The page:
We have to support the raising of public awareness, which has already been initiated by the inter-religious platform in churches, mosques, and other temples, just like other local initiatives which lead to peace. It's true that the idea of organising elections is amongst the priorities of the international community, but this idea also scares the Central African Muslim community. That's why it would be desirable to launch a national reconciliation program alongside the electoral process, an approach which assures everyone that they will be recognised as fully Central African.

GV: What are the other pressing needs for Central Africa at the moment? What solutions can be put forward?

BE: Le besoin le plus pressant pour la RCA c'est d'abord la sécurité pour son peuple. L'idéal serait que les familles rentrent chez elles avant les premières pluies du mois de février, que l'aide humanitaire arrive aux habitants partout où on peut les trouver (alimentation, eau potable, soins, couchages, produits d'hygiène, vêtements…). Ce serait aussi le paiement des salaires aux fonctionnaires.

BE: The CAR's most pressing need is security for its people. Ideally, families would be able to return to their homes before the first rains in February and humanitarian aid would arrive for local people wherever they are (food, drinking water, medical supplies, sleeping bags, hygiene products, clothes..). Also, public officials would have their salaries paid.

February 19 2014

“Now is the Time for Men of Goodwill to Stand Up” in the Central African Republic

Andrew Harding on Africa Review reports on the courageous acts of a congregation in the shabby town of Boali, Central African Republic and notably one Father Xavier Fagba. The St Peter's Parish church has sheltered Muslims seeking sanctuary from ethnic cleansing perpetrated by anti balaka gangs:    

“Now is the time for men of goodwill to stand up and prove the strength and quality of their faith,” said Father Fagba, [..] ”When I did this, nobody in the community understood me. They attacked and threatened me.” The Muslims – about 650 in all – arrived at the church on January 16 and 17. ”The Muslims discovered in our church that the God we worship is the same as their God,” said Father Fagba.

On twitter, a hashtag #CARKindness reports the local acts of kindness amidst the unspeakable wave of violence that plagues the country. Here is another instance of such kindness:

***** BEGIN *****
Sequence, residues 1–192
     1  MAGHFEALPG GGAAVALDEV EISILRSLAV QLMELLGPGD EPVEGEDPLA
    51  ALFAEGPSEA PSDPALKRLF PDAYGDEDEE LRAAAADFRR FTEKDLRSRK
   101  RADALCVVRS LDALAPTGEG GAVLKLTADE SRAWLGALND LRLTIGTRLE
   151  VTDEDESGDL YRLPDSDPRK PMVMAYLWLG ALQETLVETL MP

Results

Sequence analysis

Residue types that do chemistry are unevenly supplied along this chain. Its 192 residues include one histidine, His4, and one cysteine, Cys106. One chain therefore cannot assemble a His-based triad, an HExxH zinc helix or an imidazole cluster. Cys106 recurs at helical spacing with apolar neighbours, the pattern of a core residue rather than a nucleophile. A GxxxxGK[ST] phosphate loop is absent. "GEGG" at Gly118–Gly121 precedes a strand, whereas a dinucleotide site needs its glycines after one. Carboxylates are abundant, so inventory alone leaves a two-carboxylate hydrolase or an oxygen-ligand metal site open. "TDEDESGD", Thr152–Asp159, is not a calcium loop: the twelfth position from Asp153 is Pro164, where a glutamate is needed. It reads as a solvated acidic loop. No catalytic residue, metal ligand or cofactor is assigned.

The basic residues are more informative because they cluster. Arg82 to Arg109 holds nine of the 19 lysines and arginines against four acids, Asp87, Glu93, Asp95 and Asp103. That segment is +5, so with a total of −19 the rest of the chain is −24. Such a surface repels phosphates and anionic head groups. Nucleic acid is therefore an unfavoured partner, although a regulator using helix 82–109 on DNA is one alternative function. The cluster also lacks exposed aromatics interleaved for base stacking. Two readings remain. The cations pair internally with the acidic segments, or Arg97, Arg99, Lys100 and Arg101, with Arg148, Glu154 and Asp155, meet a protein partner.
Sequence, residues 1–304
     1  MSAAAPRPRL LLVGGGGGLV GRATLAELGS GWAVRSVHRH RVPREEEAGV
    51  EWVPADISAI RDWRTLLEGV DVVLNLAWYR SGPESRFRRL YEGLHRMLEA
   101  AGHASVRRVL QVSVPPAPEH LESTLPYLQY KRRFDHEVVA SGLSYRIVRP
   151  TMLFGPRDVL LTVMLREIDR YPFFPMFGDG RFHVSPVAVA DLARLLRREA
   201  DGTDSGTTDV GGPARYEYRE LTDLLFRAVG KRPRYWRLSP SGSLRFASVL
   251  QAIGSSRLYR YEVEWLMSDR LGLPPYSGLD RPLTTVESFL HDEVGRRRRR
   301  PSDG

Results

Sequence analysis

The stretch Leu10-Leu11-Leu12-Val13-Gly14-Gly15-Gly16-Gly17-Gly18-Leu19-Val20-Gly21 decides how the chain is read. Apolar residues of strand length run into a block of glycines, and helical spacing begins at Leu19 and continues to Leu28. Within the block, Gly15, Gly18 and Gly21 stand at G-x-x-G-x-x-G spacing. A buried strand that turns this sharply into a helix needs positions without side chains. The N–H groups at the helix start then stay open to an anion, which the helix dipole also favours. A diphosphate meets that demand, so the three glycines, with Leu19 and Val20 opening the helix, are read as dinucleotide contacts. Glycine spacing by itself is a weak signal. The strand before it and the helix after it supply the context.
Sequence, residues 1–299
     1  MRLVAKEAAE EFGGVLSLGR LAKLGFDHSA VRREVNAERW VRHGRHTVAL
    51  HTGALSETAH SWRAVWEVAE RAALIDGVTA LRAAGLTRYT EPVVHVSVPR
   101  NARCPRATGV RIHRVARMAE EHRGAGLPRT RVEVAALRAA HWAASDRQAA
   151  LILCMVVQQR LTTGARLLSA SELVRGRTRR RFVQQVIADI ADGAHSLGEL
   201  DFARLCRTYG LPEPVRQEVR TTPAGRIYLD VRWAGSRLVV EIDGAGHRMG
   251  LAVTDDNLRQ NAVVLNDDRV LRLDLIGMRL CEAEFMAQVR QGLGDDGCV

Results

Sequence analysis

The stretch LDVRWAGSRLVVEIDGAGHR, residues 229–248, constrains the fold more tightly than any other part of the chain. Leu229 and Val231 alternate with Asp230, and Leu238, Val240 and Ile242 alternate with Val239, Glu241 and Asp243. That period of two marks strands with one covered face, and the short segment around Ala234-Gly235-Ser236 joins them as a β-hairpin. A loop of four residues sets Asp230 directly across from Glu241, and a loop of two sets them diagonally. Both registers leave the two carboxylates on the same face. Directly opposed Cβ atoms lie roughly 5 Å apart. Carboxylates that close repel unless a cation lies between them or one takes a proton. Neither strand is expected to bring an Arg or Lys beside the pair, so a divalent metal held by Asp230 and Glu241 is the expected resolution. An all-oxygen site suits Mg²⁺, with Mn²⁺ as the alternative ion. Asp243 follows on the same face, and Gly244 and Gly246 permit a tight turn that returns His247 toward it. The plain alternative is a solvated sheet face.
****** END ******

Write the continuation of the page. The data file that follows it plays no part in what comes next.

February 18 2014

“Bring All the Culprits of Ethnic Cleansing to Justice” Says a CAR Citizen of Muslim and Christian Descent

Here is Moussa Tanko–Tchaibou's take on the ethnic cleansing that is underway in his country, the Central African Republic and what should be done to stop it [fr]:

Je suis centrafricain de confession musulmane avec cette particularité illustrative de la cohésion sociale, celle d’avoir un père de confession musulmane et une mère d’origine chrétienne [..]  Alors que la maison commune est en train de bruler qu’apportent-ils comme contribution afin de mettre fin à cette situation? Rien à part se préparer pour les prochaines échéances électorales, à attiser à distance cette haine contre une certaine catégorie de population [..]  il faudrait que les choses avancent vite, car ne pas traduire les coupables de ces crimes horribles devant la cour pénale internationale laisse la porte ouverte à d’autres massacres.

I am a Central African Republic citizen who happens to be muslim. In what used to be an illustration of the social cohesion of the past in my country, my father is Muslim and my mother is Christian. [..] While the house of Central Africa is now burning, what did that they (political leaders) do to put an end to this situation? Nothing but prepare for the next elections and stir up hatred against a certain group of people [..] The world needs to move quickly (in identifying the culprits), because if we doe not bring the perpetrators of these horrible crimes to the International Criminal Court rapidly, we will leave the door open for other massacres to occur.

Hayes Brown unpacks why it is important to better understand the two-way atrocities in the region and whether the use of the term genocide in the media is appropriate. Peter Bouckaert of Human Rights Watch states that without prompt action, the country will be emptied of its Muslim population [fr]. 

February 07 2014

Change From the Ground Up in War-Torn Central African Republic

Refugees of the fighting in the Central African Republic via wikipédia Public Domain

Refugees of the fighting in the Central African Republic via Wikipedia – Public domain

Full-time volunteers from the ATD Fourth World Movement in the Central African Republic (CAR) have been working with those most disadvantaged since before the violent religious conflict there began to tear the country apart. The actions they have taken to support local populations have preserved unity and social cohesion in some of the communities weakened by the fighting between Seleka rebels, mostly of Islamic confession, and anti-Balakas, mostly composed of Christian youth groups. The group's continued presence within the community has rendered them key players and observers of the current situation.  

Global Voices approached the volunteers to learn their perspective on the situation and what they think needs to be done to rebuild the country. What follows is the second part of an interview with Michel Besse, the local team leader of the ATD Fourth World Team in Bangui and his collaborators. You can read the first part of the interview here

Global Voices (GV): Which of the actions taken so far have proved to be most useful to the population?